S. I. H. vol.D. Aranguren. Mohanty. M. Ansell. 2001. Premamoy Ghosh.R. A. sisal. Polymer and Plastic Technology Eng.K. Composite science and technology.K. Tripanthy.V. 272. Samal.36. pp. J.K. The effect of a chemical treatment on the structure and morphology of coir fibres. M. S.W. pp. Mirta . 75-82 13. Uncatalysed photografting of poly(methyl methacrylate) from photo functionalised sisal fibre. India. Thermally curable aqueous acrylic resins – a new class of duroplastic binder for wood and natural fibres. 2002. Mohanty.K.S.K.P. Jogeswari Rout. 37. 1999.K. 1037-1045 16. Journal of applied polymer science. Method for surface modification for natural fibres. The effect of acetylation on interfacial shear strength between plant fibres and various matrices. Surface modification of coir fibres. A. R. Vinyl-ester-participated transesterfication and curing on the physicochemical behaviour of coir-IV. Mohanty. D’almeida. 2000. B. 2000. pp. S. Cu(11)-IO-4 initiated graft copolymerization of acrylonitrile onto chemically modified coir fibres. The influence of fibre treatment on the performance of coir-polyester composites. International Plastics Engineering and Technology. Nayak.Y. Polymers for advance technologies. C. vol. 336-344 10. The effect of chemical treatment on the properties of hemp. macromolecular research laboratory. Norma E Marcovich. S.P. Rupali Gangopadhyay. Bernd Reck. H. Rout. S. Department of chemistry.Rout.Nayak. Surface modification of coir fibers1: Studies on graft co-polymerisation of methyl methacrylate on to chemically modified coir fibres. M. Acetylated plant-fibre-reinforced polyester composites: A study of mechanical.. Nayak. pp2151-2153 7. L.K. Reboredo.7 References 1. India.S.S. Ahmad. Rohatgi. Rozman. 757-781 31 . pp 1443-1454 3. vol. Mohanty. J. S. H. vol.K. vol. Manjusri Misra.K.K.Tripahy. Alkali treatment for coir fibres for coir-polyester composites.Pavithran. 1983. Calado. Panda. vol. A. 1998. S. Misra. Paul Kiekens. rout. Die angewandte Makromolekulare Chemie. Prasad. Kathleen Van de Velde. vol 19. Johannes Turk. European Polymer Journal. 272 (1999) pp. European polymer journal. pp. Research regional laboratory. S. vol 68. 2000. 1999.K. A. 272. Abdul Khalil. 61. 87-93 8. J. 2000. 2001. jute and kapok for composite reinforcement. D.1303-1310 6. 1996 12.S.S. Misra. V..K. 79.P. 79-86 4. Rozman. P. H. Scanning electron microscopy study of Chemically modified coir fibres. J. Nayak. Vol. Mwaikambo..D. Barreto. A. H. 2069-2076 14. Journal of applied polymer science. pp 1169-1177 5. Ismail. Mohanty. Orissa. Journal of Materials science letters.N. 2001. B. J.M. Dependence of the mechanical properties of wood flour-polymer composites on the moisture content. Rout & A. Coir-Polyester composites: Effect on fibre surface treatment on mechanical properties of composite.. 39(4). M.04. Journal of applied polymer science. 11. pp. 5-10 9. Die Angewandte Makromolekulare Chemie vol. hydrothermal and ageing characteristics. vol. 1999 pp. 108-116 15. 1597-1606 11.A. Internet ITI article 2. Die Angewandte Makromolekulare Chemie. pp. Misra. Tripathy. S. Khalil. vol 84. Senapati. vol 10. Maria M.B. Wetability of natural fibres used as reinforcement for composites. Rout.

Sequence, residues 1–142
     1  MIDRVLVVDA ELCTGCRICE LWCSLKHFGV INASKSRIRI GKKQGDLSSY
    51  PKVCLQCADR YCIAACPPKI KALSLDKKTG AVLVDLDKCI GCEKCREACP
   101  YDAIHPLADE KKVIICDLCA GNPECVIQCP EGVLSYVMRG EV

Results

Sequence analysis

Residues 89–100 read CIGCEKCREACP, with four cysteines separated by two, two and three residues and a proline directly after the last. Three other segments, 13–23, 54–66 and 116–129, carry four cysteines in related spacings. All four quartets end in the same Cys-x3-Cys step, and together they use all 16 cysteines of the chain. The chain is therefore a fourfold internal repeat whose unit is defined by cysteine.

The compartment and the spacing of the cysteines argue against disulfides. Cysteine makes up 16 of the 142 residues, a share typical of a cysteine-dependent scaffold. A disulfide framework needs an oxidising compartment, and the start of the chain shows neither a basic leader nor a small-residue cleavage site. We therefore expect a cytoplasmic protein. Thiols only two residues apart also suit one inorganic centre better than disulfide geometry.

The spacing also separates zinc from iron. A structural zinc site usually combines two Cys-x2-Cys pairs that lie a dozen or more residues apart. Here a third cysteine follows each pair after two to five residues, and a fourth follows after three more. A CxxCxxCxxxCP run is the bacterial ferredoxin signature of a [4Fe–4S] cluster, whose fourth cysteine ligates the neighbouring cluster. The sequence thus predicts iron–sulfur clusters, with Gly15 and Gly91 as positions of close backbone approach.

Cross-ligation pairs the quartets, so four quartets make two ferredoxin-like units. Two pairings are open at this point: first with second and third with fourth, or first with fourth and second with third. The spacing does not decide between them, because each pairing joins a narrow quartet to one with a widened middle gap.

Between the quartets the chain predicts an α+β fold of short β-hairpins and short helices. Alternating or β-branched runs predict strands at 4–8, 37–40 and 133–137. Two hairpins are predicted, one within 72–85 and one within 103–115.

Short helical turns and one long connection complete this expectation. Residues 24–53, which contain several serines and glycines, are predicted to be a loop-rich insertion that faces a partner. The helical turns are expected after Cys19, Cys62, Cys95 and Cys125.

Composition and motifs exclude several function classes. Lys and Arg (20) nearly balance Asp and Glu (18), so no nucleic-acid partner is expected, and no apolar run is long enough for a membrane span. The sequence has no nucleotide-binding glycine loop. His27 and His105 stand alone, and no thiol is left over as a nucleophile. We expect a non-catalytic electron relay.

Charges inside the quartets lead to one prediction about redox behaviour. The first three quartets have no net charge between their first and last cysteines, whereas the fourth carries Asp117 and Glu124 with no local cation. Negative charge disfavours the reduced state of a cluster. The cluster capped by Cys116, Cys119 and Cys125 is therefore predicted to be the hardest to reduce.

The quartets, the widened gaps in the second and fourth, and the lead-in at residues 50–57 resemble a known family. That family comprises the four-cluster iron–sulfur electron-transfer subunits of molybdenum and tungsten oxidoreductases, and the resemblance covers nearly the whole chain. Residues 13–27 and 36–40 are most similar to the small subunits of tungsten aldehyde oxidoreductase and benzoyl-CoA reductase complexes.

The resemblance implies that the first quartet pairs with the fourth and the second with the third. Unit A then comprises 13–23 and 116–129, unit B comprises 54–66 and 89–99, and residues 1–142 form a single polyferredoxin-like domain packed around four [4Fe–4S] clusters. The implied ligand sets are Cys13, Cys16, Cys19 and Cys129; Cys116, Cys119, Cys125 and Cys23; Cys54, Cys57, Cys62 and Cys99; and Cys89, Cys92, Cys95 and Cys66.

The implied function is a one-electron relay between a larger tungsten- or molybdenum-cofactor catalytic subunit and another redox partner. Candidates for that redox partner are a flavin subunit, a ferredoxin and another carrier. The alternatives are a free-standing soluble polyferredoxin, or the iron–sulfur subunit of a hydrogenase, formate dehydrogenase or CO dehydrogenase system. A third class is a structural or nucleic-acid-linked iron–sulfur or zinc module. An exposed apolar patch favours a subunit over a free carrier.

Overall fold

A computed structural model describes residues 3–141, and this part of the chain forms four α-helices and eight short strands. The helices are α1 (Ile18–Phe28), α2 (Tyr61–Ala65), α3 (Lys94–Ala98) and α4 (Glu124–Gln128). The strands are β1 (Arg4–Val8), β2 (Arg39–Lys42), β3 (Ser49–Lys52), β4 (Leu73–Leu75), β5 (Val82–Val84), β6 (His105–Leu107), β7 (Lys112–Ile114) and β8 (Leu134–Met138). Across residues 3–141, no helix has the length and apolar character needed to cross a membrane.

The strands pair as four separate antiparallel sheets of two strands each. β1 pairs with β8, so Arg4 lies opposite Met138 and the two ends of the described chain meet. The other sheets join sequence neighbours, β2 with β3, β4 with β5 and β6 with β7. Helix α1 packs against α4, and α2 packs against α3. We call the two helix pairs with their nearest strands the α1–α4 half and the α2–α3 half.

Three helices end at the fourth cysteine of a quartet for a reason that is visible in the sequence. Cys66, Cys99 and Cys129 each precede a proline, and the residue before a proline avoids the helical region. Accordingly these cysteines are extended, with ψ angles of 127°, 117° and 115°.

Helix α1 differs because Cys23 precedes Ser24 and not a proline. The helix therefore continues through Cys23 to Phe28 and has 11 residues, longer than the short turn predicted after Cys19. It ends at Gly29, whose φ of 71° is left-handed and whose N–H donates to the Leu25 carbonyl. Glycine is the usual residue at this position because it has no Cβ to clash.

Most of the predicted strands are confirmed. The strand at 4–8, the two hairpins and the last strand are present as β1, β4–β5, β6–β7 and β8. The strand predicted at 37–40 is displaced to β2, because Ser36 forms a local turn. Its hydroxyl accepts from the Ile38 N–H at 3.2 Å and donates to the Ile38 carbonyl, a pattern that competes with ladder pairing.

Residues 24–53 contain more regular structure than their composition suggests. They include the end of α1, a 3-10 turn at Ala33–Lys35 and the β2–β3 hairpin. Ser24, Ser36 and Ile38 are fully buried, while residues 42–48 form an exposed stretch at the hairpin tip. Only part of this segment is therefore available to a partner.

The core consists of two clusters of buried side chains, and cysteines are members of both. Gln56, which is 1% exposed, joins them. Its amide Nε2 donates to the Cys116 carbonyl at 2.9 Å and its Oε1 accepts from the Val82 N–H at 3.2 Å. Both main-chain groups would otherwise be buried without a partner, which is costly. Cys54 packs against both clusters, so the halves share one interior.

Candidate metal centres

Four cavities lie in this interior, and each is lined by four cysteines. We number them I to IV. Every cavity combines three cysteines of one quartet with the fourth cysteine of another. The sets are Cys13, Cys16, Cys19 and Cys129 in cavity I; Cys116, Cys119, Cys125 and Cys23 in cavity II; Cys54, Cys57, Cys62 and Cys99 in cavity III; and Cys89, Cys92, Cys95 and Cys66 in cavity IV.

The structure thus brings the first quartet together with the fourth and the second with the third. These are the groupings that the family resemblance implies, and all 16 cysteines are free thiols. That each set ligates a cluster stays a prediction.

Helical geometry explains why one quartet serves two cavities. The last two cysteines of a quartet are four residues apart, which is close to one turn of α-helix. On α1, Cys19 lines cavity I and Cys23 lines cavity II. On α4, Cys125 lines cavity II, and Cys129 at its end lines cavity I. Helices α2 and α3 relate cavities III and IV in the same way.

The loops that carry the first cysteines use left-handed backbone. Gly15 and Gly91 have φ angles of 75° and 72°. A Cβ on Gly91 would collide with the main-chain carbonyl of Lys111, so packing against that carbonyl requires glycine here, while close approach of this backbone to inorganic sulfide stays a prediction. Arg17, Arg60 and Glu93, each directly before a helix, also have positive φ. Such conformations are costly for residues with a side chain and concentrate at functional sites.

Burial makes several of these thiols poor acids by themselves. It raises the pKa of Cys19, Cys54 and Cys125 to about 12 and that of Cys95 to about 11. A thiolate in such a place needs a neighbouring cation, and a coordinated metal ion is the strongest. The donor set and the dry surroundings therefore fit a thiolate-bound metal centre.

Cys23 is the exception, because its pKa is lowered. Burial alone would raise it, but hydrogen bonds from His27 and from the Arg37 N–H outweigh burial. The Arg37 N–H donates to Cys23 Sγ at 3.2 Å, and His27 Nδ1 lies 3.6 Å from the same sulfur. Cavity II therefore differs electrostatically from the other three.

K. Green chemistry. Sandra E.4. USA..Satyanarayan.pp. Roger M..) Vol.17. Forest service. Proc.G.2001.100-107. Alexander Bismarck.4. K. Amar K.G.Rohatgi. Sci. 19.Lange and Rodney E.Mohanty. Weathering performance of plant fibre/thermoplastic composites. WI. Structure and Properties of coir fibers.pt. USDA.3. Surface characterization of natural fibres. A. Indian Academy Science (Eng. trivandrum 695019.419-436 18. December 1981. surface properties and the water up-take behaviour of modified sisal and coir fibres.. Regional Research Laboratory. Jacobson.Rowell. Forest Products Laboratory.Kulkarni and P. 32 . Madison.

However. The arrangement of these pits are not uniform ( Fig. Sri Lanka to get an impression of the coir fibre characteristics. A1. it must be mentioned that there are several unresolved issues in coir fibre anatomy and biochemistry. With regards to NFC. Colombo. until recently. Surface view of fibres On the surface fibres display many pin hole like structures. magnified surface view of fibres 33 . Hence activities were undertaken at ITI of Colombo. The following anatomical data is a part of this investigation and contributed towards the initial understanding of the behaviour of coir fibre in composites. Fig. A01 Scanning Electron Micrographs. A01). which is known as pits. Sri Lanka) Introduction Detailed morphological data of coir fibre was not readily available. these issues should be resolved so that optimal fibre treatment methods could be developed.Appendix A Anatomical study of the Coir Fibre (study undertaken at ITI.